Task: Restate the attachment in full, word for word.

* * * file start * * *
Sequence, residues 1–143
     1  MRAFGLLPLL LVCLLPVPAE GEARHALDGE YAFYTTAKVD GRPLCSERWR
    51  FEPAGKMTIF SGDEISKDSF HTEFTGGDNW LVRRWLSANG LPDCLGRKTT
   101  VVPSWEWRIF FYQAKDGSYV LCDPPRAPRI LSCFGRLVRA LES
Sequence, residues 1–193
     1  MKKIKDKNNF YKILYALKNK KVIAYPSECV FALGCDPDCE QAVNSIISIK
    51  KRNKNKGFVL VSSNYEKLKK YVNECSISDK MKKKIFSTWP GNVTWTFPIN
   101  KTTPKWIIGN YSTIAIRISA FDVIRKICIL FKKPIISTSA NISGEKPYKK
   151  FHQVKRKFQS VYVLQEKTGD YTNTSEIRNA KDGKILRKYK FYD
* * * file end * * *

Sequence, residues 1–143
     1  MRAFGLLPLL LVCLLPVPAE GEARHALDGE YAFYTTAKVD GRPLCSERWR
    51  FEPAGKMTIF SGDEISKDSF HTEFTGGDNW LVRRWLSANG LPDCLGRKTT
   101  VVPSWEWRIF FYQAKDGSYV LCDPPRAPRI LSCFGRLVRA LES
Sequence, residues 1–193
     1  MKKIKDKNNF YKILYALKNK KVIAYPSECV FALGCDPDCE QAVNSIISIK
    51  KRNKNKGFVL VSSNYEKLKK YVNECSISDK MKKKIFSTWP GNVTWTFPIN
   101  KTTPKWIIGN YSTIAIRISA FDVIRKICIL FKKPIISTSA NISGEKPYKK
   151  FHQVKRKFQS VYVLQEKTGD YTNTSEIRNA KDGKILRKYK FYD